Gale Review Team
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|By Rachel Holt, Gale Primary Sources Acquisitions Editor|
This week (July 2022), US President Joe Biden was heckled by the father of a mass shooting victim during a White House event celebrating the passage of a federal gun safety law. This comes in the wake of the mass shooting that killed nineteen children and two teachers at an elementary school in Uvalde, Texas, on May 24, 2022. But how did we get here?
As of July, there have already been more than 300 mass shootings in the United States, according to the Gun Violence Archive. Mass shootings have been on the rise for many years. In 2021, almost 700 such incidents occurred, a jump from 611 in 2020 and 417 in 2019. Biden is by no means the first President to face the issue of gun violence and school shootings – former President Barack Obama called the 2012 Sandy Hook Elementary School shooting the “saddest and angriest” moment from his presidency. It is Biden however, who is currently coming under scrutiny for not doing enough to tackle this problem, with major broadcasting network NBC, saying that “Matthew McConaughey’s gun speech did what Biden’s didn’t” when the actor pleaded for lawmakers to reform gun laws after the Uvalde school shooting hit his hometown.
Primary sources shed light on the pressing issues of today
Often, we think of primary sources as a way of understanding the past, but this blog post hopes to investigate how they can be used to explore pressing social issues of today such as gun control. Indeed, scholars and students wishing to conduct research on various aspects of the national debate will find that primary sources are vital for understanding recent firearms issues; information on past and present legislation; and the history of advocacy groups.
A simple search in Gale Primary Sources for “gun control laws/legislation/measures/advocates” will return a wealth of fascinating and varying materials on the topic, but I would encourage the user to pay particular attention to three archives specifically: Making of Modern Law: American Civil Liberties Union Papers; Making of Modern Law: Landmark Records and Briefs of the U.S. Courts of Appeals; and the Political Extremism and Radicalism series.
Making of Modern Law: American Civil Liberties Union Papers
The American Civil Liberties Union is a non-profit organisation founded in 1920 “to defend and preserve the individual rights and liberties guaranteed to every person in this country by the Constitution and laws of the United States”. Gale’s American Civil Liberties Union Papers archive focuses on civil rights and social issues relating to the U.S. Supreme Court – topics intensely relevant to today’s curriculum and debates at both national and local levels.
Gun politics is highly fraught area of American politics with those opposing new regulations or supporting loosening restrictions related to civilian gun ownership often quoting their right to keep and bear arms as laid out in the Second Amendment to the United States Constitution. Files in American Civil Liberties Union Papers shed light on the debate on whether gun ownership is a right and if stricter federal gun control legislation infringes the Second Amendment right. The files also shed light on how events of the time, such as the assassination of President Kennedy, impacted legislation.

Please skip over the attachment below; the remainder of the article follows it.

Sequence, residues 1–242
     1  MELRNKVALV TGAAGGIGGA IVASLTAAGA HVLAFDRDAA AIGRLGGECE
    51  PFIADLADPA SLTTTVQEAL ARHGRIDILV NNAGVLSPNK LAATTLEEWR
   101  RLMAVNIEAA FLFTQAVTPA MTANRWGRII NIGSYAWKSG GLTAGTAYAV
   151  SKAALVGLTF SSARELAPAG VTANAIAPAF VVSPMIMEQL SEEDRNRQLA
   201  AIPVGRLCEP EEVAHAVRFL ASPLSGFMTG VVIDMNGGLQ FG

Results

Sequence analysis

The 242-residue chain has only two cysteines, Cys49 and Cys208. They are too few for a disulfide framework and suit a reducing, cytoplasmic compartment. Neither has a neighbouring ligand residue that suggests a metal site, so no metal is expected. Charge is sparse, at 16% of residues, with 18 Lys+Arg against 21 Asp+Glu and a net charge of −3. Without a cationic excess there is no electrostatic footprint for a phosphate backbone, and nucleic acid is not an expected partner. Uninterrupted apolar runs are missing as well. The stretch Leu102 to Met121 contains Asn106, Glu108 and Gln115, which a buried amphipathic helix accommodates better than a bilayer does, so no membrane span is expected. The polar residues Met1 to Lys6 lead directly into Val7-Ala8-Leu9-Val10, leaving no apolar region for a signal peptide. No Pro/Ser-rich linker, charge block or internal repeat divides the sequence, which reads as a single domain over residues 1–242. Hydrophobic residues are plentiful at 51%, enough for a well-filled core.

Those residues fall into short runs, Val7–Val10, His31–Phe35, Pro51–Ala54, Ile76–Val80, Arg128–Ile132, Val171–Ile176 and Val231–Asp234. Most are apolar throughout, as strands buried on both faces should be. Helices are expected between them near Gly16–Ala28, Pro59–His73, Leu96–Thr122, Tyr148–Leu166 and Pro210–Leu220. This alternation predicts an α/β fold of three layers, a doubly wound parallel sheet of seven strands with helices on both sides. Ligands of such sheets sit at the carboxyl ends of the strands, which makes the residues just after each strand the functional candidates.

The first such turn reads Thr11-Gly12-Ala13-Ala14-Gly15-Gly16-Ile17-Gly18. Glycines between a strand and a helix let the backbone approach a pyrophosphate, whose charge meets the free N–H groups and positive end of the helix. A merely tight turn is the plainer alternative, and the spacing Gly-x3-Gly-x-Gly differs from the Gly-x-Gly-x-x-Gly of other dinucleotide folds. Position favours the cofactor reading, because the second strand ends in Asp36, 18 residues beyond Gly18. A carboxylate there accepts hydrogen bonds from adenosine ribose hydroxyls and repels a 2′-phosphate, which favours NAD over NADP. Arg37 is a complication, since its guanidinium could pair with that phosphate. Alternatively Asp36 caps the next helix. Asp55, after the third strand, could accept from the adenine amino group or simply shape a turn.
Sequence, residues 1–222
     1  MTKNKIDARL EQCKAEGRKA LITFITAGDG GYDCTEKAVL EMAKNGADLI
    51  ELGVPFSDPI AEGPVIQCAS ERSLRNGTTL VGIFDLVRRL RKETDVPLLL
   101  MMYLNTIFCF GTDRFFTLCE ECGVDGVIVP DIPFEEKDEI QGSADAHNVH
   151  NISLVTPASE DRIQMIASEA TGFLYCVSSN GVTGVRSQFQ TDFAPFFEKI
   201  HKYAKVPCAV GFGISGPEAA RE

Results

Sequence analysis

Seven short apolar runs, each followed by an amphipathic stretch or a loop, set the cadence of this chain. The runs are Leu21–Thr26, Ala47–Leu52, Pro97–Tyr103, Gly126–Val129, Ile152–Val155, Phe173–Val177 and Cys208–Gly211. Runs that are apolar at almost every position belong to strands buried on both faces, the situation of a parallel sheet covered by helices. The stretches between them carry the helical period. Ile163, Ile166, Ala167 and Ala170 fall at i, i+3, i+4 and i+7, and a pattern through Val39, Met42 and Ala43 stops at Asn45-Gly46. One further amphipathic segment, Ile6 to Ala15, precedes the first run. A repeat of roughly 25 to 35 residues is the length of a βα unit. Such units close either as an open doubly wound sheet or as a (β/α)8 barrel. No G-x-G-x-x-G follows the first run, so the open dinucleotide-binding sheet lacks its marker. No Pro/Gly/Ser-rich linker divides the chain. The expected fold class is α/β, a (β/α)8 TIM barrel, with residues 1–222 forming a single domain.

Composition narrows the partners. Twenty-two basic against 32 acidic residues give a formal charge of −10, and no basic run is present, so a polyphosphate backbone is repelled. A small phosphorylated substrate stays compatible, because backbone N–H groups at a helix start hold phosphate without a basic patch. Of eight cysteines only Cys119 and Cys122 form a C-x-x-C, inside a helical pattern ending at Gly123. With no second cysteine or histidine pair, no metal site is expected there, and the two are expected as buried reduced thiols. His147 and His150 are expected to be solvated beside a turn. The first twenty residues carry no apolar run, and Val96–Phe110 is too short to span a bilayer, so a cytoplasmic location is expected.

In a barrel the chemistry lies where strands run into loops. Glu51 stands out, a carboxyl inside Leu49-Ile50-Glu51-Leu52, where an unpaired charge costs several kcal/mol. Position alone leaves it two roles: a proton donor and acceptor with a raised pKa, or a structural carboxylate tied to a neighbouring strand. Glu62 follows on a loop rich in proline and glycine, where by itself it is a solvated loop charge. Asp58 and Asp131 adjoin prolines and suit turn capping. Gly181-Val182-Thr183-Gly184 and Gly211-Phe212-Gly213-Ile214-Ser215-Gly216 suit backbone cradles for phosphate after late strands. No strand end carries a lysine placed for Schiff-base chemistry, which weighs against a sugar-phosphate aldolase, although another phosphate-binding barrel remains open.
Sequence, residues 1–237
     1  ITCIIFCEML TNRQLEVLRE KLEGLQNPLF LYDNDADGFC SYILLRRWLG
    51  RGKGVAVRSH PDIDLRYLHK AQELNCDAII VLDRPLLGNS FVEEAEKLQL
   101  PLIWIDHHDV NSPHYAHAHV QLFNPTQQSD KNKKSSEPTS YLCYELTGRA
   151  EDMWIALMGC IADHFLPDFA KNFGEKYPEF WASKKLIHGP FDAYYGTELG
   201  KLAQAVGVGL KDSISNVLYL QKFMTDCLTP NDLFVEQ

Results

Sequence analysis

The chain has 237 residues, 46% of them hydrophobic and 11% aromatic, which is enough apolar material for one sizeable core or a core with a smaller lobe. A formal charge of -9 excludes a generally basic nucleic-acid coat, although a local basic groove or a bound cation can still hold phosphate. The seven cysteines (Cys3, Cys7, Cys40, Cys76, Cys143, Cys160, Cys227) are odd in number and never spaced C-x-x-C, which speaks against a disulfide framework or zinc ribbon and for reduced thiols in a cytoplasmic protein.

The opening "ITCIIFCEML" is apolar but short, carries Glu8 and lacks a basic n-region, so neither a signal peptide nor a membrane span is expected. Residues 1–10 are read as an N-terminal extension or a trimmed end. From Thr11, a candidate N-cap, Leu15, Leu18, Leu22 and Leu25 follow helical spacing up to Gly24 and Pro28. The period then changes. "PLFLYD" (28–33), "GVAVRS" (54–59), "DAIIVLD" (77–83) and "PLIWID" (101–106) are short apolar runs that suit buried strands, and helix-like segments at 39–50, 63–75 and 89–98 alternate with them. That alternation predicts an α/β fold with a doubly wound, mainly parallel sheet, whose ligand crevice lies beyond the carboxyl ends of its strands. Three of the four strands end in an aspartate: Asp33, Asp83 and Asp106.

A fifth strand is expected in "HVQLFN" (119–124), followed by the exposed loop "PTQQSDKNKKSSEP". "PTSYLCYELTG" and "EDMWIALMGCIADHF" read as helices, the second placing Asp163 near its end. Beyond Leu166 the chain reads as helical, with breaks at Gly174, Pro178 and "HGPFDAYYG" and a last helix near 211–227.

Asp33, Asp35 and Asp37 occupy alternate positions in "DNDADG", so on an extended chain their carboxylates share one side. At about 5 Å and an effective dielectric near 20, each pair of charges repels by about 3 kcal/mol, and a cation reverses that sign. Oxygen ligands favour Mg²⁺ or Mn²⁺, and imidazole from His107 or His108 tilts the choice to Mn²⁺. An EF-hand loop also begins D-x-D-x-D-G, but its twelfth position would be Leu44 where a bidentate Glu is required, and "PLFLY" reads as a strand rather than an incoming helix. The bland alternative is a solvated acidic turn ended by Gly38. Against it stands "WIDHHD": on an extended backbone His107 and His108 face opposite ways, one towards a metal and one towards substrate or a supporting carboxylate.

Making of Modern Law: Landmark Records and Briefs of the U.S. Courts of Appeals
Meanwhile Making of Modern Law: Landmark Records and Briefs of the U.S. Courts of Appeals provides a closer and more individual view of the impact of gun control. This digital archive focuses on the lower courts, providing a comprehensive review of trial history from all courts of appeals and supplies insight into how firearms regulations impacted individuals. For instance, this Appellee’s brief from 1971 asks the question as to whether Congress has the power to prohibit the possession of firearms by convicted felons, specifically in the case of James Frank Stevens:
Political Extremism and Radicalism
Finally, Gale’s Political Extremism and Radicalism archive provides an opportunity to read and understand the arguments put forward for gun rights. Although this archive, as the name suggests, largely focuses on groups considered to be extreme or radical, there is certainly a sliding scale and many of the voices on the outer edges of conventional politics have a significant impact on mainstream thinking. Grey literature from the National Rifle Association Institute for Legislative Action, Gun-Owners of California and Crusade for Christ all supply a variety of arguments against stricter gun control:
Primary sources can help us understand the past, present – and even future
It goes without saying that the study of primary sources is vital when understanding modern debates and current issues. Hopefully this blog post will be a starting point, encouraging you to use primary sources to better understand the national debate concerning gun control; how it has unravelled in the past, events that have impacted the conversation and maybe even provide some insight into what will happen in the future.
If you enjoyed exploring primary sources related to current debates, you might like:
- Free Speech in a “Post-Truth” Era – The Value of Digital Archives
- Power, Protest & Presidential Profanity: The ‘Race’ for Civil Rights
- Exploring news coverage and media discussion of sexual violence
- From Yellow Journalism to Internet Echo Chambers – Exploring the History of “Fake News”
- The Importance of Archives – Preserving the Past and Contextualising the Present